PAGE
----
Nielsen Hayden genealogy

Richard Dyer-Bennet

Male 1913 - 1991  (78 years)


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  • Name Richard Dyer-Bennet 
    Born 6 Oct 1913  Leicester, Leicestershire, England Find all individuals with events at this location  [1
    Gender Male 
    Died 14 Dec 1991  Monterey, Berkshire, Massachusetts Find all individuals with events at this location  [1
    Siblings 1 sibling 
    Person ID I30258  Ancestry of PNH, TNH, and others
    Last Modified 11 Sep 2020 

    Father Maj. Richard Stewart Dyer-Bennet,   b. 6 Oct 1886, The Lyons, Enville, Staffordshire, England Find all individuals with events at this location,   d. 1983  (Age 96 years) 
    Mother Miriam Wolcott Clapp,   b. 10 Nov 1890, Jacksonville, Morgan, Illinois Find all individuals with events at this location,   d. 30 May 1973, Alameda, Alameda, California Find all individuals with events at this location  (Age 82 years) 
    Married 17 Feb 1912  Christchurch, Hampshire, England Find all individuals with events at this location  [2, 3, 4
    Divorced 1955  [5
    Family ID F10343  Group Sheet  |  Family Chart

  • Notes 
    • From Britannica.com (accessed 11 Sep 2020):

      Richard Dyer-Bennet, (born October 6, 1913, Leicester, Leicestershire, England—died December 14, 1991, Monterey, Massachusetts, U.S.), British-born American tenor and guitarist who helped to revive the popularity of folk music through his concert performances, recordings, compositions, and teaching.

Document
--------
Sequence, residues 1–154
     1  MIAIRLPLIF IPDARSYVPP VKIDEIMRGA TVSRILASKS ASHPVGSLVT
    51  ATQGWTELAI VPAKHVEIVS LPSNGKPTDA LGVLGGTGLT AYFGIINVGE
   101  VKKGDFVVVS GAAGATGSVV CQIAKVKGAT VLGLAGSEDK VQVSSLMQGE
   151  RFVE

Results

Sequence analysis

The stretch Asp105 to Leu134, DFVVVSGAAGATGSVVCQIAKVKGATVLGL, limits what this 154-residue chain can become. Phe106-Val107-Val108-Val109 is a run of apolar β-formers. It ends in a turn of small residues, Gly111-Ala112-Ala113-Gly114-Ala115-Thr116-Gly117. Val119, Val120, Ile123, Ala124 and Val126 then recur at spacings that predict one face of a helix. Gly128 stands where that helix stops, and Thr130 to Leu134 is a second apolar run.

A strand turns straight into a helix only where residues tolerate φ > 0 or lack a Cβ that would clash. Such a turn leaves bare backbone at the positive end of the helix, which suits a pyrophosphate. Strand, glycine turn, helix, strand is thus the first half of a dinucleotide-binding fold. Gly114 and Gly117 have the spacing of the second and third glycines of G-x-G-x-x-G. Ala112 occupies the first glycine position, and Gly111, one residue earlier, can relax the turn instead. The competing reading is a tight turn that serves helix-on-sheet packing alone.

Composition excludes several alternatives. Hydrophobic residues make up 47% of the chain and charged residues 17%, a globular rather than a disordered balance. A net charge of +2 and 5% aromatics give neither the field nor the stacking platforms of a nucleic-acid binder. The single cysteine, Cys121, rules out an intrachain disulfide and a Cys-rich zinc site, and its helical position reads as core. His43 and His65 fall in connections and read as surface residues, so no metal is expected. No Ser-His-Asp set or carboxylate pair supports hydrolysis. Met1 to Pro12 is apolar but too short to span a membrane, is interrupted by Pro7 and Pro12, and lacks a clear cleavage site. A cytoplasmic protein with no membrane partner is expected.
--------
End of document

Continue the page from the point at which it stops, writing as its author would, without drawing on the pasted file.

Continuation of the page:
Though born in England, Dyer-Bennet grew up in Canada and California and attended the University of California at Berkeley (1932–35), where he studied English and music. (He became a naturalized U.S. citizen in 1935.) After visiting Swedish folklorist Sven Scholander in 1935, Dyer-Bennet adopted Scholander's trinity of song interpretation—poetry, melody, and lute accompaniment. In 1944, though, he switched to the Spanish guitar and gave the first of what would become annual solo concerts at New York City's Town Hall; the impresario Sol Hurok signed him for national and foreign tours for many years. He gained a cult following with his approximately 800 songs (including about 100 of his own composition) that ranged through British and French ballads, European medieval songs, Swedish shepherd tunes, and American cowboy songs. Curiously, though identified as a folk singer, he preferred the label minstrel or troubadour.

      Dyer-Bennet stopped giving concerts after a stroke in 1972 limited use of his left hand. From 1970 to 1983 he taught at the State University of New York at Stony Brook.

  • Sources 
    1. [S35] Encyclopedia Britannica.

    2. [S2176] Burke's Peerage, Baronetage, and Knightage, 107th edition, ed. Charles Mosley. Wilmington, Delaware: Burke's Peerage (Genealogical Books) Ltd., 2003., date only.

    3. [S297] England & Wales, FreeBMD birth, marriage, and death indexes, 1837-1915, on ancestry.com., place only.

    4. [S2419] Wolcott Genealogy: The Family of Henry Wolcott, One of the First Settlers of Windsor, Connecticut by Chandler Wolcott. Rochester, New York: The Genesee Press, 1912., date only.

    5. [S2176] Burke's Peerage, Baronetage, and Knightage, 107th edition, ed. Charles Mosley. Wilmington, Delaware: Burke's Peerage (Genealogical Books) Ltd., 2003.